The protagonist of Richard Wright's short story "The Man Who Was Almost A Man" is an adolescent named Dave who works with older, tougher men who he feels view him with little respect. He preoccupies himself with thoughts of owning a gun, believing he would win the respect of the others if he did. Dave ultimately acquires a gun but disaster occurs when he does. Rather than making him win the respect of others, the gun causes Dave to be ridiculed and censured for his accidental killing of a mule. Instead of paying for his mistake, Dave hops a train and leaves town in shame. Dave's experience fails to win him respect but does cause his loss of innocence and initiation into adulthood.
Dave is a young man who works with older and more experience field workers. They treat him with little respect and Dave craves respect from them. Dave consoles himself by fantasizing about the respect he could win from the men if he only had a gun, "One of these days he was going to get a gun and practice shooting, then they couldn't talk to him as though he were a little boy" (Wright 103). He cajoles his mother into finally letting him purchase one, but he disobeys her rules about it. Instead, he wins up shooting his mule when he decides he is ready to fire the gun. Desperate, he buries the gun and lies to everyone about the mule's death.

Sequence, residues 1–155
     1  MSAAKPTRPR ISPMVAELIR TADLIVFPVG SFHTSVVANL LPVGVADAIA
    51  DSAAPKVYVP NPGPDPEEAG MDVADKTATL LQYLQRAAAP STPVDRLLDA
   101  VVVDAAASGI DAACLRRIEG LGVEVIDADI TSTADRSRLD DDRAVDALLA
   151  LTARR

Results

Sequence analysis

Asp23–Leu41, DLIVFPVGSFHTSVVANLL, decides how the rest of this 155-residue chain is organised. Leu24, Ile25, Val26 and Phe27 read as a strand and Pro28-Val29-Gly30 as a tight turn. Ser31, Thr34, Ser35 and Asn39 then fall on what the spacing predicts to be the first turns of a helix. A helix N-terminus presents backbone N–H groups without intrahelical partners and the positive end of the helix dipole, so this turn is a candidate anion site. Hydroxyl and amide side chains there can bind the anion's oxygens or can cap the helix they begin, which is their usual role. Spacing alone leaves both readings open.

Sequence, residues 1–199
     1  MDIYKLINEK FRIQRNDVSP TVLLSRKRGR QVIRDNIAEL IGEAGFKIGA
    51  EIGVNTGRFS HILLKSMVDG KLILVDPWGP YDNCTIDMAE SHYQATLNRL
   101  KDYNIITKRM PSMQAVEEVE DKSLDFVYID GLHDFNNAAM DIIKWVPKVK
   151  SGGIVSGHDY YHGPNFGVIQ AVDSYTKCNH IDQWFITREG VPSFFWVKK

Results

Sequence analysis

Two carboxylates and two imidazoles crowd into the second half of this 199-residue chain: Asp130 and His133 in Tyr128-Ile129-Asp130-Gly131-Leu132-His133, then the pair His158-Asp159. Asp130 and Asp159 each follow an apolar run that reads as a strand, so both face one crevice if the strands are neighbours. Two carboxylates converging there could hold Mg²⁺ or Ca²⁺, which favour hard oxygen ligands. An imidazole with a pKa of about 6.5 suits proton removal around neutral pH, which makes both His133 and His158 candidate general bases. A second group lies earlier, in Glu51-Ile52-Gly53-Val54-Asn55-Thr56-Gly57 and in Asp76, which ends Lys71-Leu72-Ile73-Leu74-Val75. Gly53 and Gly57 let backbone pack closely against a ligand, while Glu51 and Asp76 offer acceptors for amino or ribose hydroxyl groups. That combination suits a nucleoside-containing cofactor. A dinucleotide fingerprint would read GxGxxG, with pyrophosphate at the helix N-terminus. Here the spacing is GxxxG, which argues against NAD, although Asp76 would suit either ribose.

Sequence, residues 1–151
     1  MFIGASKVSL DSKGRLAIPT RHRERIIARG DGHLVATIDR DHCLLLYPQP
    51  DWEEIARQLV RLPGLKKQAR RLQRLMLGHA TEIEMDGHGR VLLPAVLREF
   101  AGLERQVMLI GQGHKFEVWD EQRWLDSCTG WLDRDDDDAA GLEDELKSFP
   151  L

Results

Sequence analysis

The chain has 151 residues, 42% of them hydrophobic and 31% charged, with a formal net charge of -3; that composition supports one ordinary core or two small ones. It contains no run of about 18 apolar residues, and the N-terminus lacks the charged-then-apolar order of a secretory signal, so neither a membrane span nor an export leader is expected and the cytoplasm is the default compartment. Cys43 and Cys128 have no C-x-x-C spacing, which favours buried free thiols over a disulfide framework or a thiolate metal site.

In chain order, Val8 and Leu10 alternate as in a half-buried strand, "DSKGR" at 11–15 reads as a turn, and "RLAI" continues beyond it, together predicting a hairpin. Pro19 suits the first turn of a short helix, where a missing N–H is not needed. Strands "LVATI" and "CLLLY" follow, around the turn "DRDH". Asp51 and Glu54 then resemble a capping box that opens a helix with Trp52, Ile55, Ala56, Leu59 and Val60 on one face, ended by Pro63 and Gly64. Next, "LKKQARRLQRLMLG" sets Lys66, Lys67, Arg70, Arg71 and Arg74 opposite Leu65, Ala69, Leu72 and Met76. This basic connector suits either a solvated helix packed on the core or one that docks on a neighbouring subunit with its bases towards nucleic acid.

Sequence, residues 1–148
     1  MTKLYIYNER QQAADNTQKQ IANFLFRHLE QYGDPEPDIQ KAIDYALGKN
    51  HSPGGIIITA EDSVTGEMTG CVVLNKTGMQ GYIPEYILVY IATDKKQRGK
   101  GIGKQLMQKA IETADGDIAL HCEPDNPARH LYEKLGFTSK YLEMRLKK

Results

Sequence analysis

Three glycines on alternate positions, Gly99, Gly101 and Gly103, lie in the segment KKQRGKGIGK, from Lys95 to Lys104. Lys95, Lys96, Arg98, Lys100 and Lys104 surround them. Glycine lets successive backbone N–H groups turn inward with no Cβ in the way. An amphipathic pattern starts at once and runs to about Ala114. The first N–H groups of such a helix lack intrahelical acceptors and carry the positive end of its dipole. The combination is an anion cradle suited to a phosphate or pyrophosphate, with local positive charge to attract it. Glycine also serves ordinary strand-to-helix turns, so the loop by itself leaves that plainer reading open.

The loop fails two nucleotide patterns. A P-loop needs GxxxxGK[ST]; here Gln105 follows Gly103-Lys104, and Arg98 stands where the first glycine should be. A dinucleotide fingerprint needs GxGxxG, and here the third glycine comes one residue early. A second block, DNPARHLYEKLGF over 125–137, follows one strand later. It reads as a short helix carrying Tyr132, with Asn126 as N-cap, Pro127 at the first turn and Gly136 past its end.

When Dave is confronted by his mother demanding to know where the gun he purchased is, he breaks down and confesses the truth. This makes the others laugh at him and ridicule him. His father becomes irate and demands the gun. His boss Hawkins tells him he is now responsible for paying him $50 to repay the cost of the dead mule. Dave makes up a story about retrieving the gun in the morning, but he is inconsolable over his public humiliation. He sneaks off to fire the gun again, draining his anger and the gun of all its bullets. He hears a train